By Nicola Wright
We’re truly living in an age of digital transformation, especially when it comes to business and enterprise technology.
While developments in cloud computing and SaaS solutions have been steadily rolling out in the past few years, many companies, particularly those old-timers who’ve become set in their ways tech-wise, are finally beginning to come around to the cloud as a viable and beneficial way of handling their processes.
According to a recent study by Gartner, spending on enterprise software is expected to grow by 9.4% in 2018, with total spending on business tech on track to exceed $387 billion for the year.
For Microsoft’s business management suite, Microsoft Dynamics, that predicted growth is already becoming a reality. Figures from Microsoft’s 1Q2018 financial report show that between July and September 2017, revenue from the Dynamics suite as a whole grew 13%, while profit from its cloud offering, Dynamics 365, were up 69%. On a year on year basis, Dynamics 365’s customer base increased by 40%.
If these numbers are anything to go by, Dynamics 365 isn’t going anywhere. Since the cloud-based ERP and CRM solution was released in late 2016, businesses have been lured to Dynamics 365 by its promise of minimized infrastructure costs, scalability, and intelligent data model.
With so many organizations turning to the Dynamics cloud to update their business processes, the demand for Dynamics 365 professionals will continue to skyrocket, paving the way for enormous opportunities for administrators, developers, and consultants alike.
Dynamics 365 has only just passed its first birthday, so experienced, qualified Dynamics 365 professionals remain a scarcity. But with licensing structure for the collection of SaaS apps only just beginning to bed down, and new apps scheduled for release in early 2018, interest in implementing the solution is likely to spike in the coming months.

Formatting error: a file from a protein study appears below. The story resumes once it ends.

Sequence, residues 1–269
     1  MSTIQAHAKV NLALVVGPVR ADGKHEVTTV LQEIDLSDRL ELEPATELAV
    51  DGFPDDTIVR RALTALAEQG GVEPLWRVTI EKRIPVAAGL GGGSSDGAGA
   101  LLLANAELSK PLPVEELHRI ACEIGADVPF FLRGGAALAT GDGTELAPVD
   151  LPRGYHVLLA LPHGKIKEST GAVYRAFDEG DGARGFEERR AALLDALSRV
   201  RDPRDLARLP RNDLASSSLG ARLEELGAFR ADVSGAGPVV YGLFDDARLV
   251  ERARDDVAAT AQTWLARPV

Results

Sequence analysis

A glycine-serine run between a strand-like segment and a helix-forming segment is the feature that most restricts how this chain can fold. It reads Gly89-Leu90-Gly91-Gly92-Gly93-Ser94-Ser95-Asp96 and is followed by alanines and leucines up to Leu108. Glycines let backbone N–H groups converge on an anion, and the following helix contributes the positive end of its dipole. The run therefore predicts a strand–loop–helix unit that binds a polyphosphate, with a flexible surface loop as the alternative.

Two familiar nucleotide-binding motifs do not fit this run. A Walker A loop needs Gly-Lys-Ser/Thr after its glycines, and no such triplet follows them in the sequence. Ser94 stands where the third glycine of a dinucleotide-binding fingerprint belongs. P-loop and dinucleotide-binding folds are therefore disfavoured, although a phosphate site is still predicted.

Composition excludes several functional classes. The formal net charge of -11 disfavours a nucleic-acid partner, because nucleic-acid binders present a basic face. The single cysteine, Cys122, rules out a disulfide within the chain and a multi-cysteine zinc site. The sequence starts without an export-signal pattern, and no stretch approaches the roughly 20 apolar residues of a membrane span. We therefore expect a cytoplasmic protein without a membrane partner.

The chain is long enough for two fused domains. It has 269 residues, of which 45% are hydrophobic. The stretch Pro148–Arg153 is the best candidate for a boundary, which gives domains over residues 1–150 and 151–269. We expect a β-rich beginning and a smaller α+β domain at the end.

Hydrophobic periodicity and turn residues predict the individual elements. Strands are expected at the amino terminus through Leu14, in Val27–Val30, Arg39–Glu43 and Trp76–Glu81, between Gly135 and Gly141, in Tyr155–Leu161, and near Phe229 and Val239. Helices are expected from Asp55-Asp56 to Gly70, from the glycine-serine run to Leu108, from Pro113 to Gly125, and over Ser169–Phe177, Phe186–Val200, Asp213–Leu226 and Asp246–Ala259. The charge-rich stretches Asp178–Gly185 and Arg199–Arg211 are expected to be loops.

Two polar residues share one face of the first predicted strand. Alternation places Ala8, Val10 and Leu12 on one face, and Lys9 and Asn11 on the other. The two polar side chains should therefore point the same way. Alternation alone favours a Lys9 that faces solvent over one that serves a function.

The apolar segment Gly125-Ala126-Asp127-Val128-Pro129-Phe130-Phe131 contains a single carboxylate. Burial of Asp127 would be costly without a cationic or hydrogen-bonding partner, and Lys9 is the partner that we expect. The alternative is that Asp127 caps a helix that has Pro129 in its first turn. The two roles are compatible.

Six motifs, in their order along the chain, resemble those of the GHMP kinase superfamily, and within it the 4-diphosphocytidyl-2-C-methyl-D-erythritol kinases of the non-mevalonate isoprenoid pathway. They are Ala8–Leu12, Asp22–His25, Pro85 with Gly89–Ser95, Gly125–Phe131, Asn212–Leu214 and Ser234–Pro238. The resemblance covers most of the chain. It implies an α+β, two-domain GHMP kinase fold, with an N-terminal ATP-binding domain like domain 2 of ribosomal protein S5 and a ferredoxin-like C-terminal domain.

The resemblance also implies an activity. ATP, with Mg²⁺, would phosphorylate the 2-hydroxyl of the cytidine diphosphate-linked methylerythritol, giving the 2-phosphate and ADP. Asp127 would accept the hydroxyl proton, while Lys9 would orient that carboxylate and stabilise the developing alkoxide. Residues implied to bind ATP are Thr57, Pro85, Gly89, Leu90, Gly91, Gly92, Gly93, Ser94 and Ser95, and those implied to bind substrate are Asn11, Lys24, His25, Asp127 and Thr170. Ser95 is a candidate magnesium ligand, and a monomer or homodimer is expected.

Whether you’re already a Dynamics professional, or you’re a Dynamics 365 user thinking of making a career of Dynamics 365, now is a perfect time to get ahead of the curve and transform yourself into a valuable and coveted asset for those businesses looking to implement the Dynamics cloud.
Here’s how you can get started on the path to a great Dynamics 365 career.
If you’re considering working with Dynamics 365 as a career, chances are you’ve already got some experience with the Dynamics suite. Maybe you’re a Dynamics professional who wants to build their cloud skills to meet the rising demand for Dynamics SaaS products, or perhaps you’ve worked with Dynamics 365 as an end user and think it could offer you the career change you’ve been dreaming of.
Many of Dynamics 365’s apps are based largely on older Dynamics platforms such as CRM and NAV, so having previous experience as any flavour of Dynamics professional obviously gives you a huge head start when it comes to picking up the new solution. But that doesn’t mean you can’t come at a career in Dynamics 365 from a different angle; everyone has to start somewhere, after all.